Peter Thome was called into a meeting with UND's coaching staff before this fall's preseason exhibition game against the University of Manitoba.
They were waiting to deliver some news to the junior goaltender.
Thome, who started the final eight games of the previous season, was no longer the starter. He was no longer the backup, either. He would begin the 2019-20 season as the third-string goalie behind Adam Scheel, a sophomore, and Harrison Feeney, a walk-on freshman.
"They were like, 'Hey, right now, we think you're the third guy. (Harrison) Feeney has been great in practice. We really like his game right now. That's kind of where you're at,'" Thome recalled.
"It was kind of a challenge. What are you going to do about it?"
It was tough news for Thome, but his entire hockey career prepared him to respond.
Nothing has ever been easy for him.
The first time he tried out for a team, he was cut from the 'C' squad. The highest level he reached at Benilde-St. Margaret's High School was junior varsity backup. Just to get a shot, Thome had to move at age 16 to Chicago, where he ended up living with a Russian family that didn't speak English.
Even after showing his potential and earning a scholarship to UND and being drafted by the Columbus Blue Jackets in the sixth round, the bumps in the road kept coming. In the United States Hockey League, he was traded twice and played for three different teams in three months.
Then came this season.
Thome started as the third-string goalie, worked his way to backup, unexpectedly got a chance in net after not seeing a second of action in the first half of the season and has stunningly emerged as the hottest goalie in the National Collegiate Hockey Conference.
Thome has made five consecutive starts. He's won them all. He has a .940 save percentage and 1.26-goals against average, which leads all NCHC goalies with more than one start.
The 6-foot-4, 208-pound Minneapolis product is expected to make his sixth-straight start at 7:37 tonight as UND opens its two-game series at St. Cloud State in the Herb Brooks National Hockey Center.
"This year has been quite a ride," Thome said. "I wouldn't expect anything else."
It's the way things have always been for Thome.
A rocky road to prominence
Thome did not come from a hockey family. His parents, Mark and Anne, did not play. Mark played basketball in high school. Peter's two older brothers, John and George, didn't play hockey either. George was a slalom skier.
In fact, Peter got started by chance.
One day, the family was driving to their Twin Cities home and stopped at a traffic light. Off to the side, there was a rink at a community center. An 11-year-old Peter looked out the window and told his parents: "I want to play hockey. I want to be serious. And I want to play goalie."
"My wife and I had no idea what it meant," Mark said. "For some reason, he wanted to do it. If you're lucky enough that your kids tell you what they want to do, you just go and do it. He was crystal clear about what he wanted to do. We just didn't have much background on how to help him."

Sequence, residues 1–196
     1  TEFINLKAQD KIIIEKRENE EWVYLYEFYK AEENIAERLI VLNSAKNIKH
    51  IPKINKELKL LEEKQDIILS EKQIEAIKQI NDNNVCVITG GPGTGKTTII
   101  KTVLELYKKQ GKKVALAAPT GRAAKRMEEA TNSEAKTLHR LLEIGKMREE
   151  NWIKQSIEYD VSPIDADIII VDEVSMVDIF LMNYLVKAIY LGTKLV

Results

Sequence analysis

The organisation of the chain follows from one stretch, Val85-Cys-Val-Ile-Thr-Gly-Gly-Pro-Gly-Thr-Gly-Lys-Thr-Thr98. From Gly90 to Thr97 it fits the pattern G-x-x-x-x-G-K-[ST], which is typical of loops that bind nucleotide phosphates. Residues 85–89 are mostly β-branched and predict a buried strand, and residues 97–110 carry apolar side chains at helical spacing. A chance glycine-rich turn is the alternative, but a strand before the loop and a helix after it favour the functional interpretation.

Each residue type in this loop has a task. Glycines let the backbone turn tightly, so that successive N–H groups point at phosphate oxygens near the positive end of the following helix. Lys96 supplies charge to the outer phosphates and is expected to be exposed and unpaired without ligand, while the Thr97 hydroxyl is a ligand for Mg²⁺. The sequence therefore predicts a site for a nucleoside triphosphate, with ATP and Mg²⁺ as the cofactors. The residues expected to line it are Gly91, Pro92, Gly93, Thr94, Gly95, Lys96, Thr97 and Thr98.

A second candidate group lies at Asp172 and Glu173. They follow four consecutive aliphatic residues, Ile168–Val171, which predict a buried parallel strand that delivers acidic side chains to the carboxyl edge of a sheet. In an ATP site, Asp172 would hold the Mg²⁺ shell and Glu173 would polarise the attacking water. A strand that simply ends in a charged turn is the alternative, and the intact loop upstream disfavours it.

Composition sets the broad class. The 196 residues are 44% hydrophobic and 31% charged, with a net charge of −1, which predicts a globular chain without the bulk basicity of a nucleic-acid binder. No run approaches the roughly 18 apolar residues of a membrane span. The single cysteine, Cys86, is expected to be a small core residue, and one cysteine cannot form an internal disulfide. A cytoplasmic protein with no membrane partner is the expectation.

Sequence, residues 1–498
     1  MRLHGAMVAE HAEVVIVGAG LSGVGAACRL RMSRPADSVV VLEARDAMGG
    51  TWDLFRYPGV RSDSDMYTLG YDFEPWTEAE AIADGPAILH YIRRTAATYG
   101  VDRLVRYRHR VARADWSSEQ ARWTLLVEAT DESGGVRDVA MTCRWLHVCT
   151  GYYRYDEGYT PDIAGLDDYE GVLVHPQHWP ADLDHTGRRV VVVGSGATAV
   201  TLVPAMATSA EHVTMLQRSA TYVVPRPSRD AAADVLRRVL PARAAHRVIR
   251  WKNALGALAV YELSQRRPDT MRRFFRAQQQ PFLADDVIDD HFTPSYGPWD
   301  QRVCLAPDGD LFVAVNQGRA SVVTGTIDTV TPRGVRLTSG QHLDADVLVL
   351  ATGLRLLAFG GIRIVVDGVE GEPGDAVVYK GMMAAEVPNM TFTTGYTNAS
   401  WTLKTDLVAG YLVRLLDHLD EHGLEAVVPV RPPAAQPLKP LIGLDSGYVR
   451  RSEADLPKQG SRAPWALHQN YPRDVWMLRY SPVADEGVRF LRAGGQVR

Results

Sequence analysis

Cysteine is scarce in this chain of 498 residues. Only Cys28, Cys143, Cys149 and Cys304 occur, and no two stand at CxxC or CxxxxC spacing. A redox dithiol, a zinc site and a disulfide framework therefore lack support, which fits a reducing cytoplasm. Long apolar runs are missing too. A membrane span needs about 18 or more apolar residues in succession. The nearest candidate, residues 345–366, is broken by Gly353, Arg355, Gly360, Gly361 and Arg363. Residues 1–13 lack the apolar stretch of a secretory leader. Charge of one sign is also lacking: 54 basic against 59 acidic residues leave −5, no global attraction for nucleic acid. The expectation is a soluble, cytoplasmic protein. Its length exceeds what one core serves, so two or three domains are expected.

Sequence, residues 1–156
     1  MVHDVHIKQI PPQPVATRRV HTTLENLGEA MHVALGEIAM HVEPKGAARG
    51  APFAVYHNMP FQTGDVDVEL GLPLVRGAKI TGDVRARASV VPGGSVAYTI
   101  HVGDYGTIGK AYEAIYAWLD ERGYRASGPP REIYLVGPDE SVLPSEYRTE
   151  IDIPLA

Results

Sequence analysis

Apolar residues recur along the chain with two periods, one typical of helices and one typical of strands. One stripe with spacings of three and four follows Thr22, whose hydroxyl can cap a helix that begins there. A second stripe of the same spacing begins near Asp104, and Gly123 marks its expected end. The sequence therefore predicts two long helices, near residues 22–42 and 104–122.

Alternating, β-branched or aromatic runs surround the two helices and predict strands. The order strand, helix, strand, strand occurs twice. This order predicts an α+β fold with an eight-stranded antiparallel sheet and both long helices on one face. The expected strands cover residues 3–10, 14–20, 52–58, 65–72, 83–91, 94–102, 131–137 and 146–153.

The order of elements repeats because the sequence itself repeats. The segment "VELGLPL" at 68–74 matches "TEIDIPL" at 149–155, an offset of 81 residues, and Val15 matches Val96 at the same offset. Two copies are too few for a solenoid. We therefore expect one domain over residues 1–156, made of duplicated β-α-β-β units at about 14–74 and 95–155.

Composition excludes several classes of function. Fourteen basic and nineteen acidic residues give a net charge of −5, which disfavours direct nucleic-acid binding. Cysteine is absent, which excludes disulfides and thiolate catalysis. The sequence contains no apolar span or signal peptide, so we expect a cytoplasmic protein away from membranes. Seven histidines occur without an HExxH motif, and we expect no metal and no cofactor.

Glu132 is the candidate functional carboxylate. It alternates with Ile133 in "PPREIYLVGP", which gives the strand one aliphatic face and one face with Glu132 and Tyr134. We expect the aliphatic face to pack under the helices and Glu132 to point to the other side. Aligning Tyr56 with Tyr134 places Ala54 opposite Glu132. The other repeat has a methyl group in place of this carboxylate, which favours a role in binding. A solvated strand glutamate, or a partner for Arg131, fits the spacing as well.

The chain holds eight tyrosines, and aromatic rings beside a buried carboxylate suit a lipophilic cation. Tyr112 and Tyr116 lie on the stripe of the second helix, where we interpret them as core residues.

The first team Peter tried out for was peewees. They picked 'A,' 'B,' and 'C' teams. Peter got cut from all of them. They took all the kids who were left over and threw them on a team together. That's where it started.
Peter never made top teams. There was a time when his future in the sport looked bleak. After his sophomore year at Benilde, the team's coach told Thome that it doesn't look like he'll make varsity the following year, either.
So, Thome had two options. The first was staying at Benilde, where he had come to enjoy the school, classes and his group of friends. The second was moving to Chicago and trying to play AAA hockey with the Chicago Fury. Their team's coach, former NHLer Dennis Vaske, had recently met Peter and offered him a shot, saying he was always looking for "diamonds in the rough" and thought Peter could be one.
"I thought, if I really want to do this, if I really want to try, this is something I have to do," Thome said. "I didn't realize how big of a move it was at the time. I just wanted to play hockey and thought I'd do whatever it takes to play."
Thome didn't quit.
"I always thought I just have to get in the conversation," Thome said. "I know I'm good enough. I just always had that thought. If it's not going to work out in high school, I'll get my chance here. But my first year in Chicago, I was terrible."
Thome posted a .874 save percentage at the U16 level. Off the ice, the transition wasn't easy, either. He also moved billet homes during that first season and spent the second half with a Russian family.
"The family didn't speak a lick of English," Thome said. "I think they wanted someone to live with them to talk with them and help teach them English. They had a nice house and they were awesome. The language thing could be kind of tough, but they were a great family who loved spending time together and they took me in."
That summer, Thome transformed himself on and off the ice. He worked with renowned goalie coach Dave Rogalski, who helped develop UND's Zane McIntyre into a Mike Richter Award winner.
"I started training really hard, just taking care of myself off the ice and trying to get better," Thome said. "Dave was huge. He helped me a lot. I grew into my body a little more."
Things clicked that second year in Chicago. He moved in with teammate Michael Zuffante, now a junior at Bentley. They became such close friends that Thome visits the family every summer to this day. He attended Lake Park High School, which he loved. On the ice, Thome posted a .931 save percentage at the U18 level.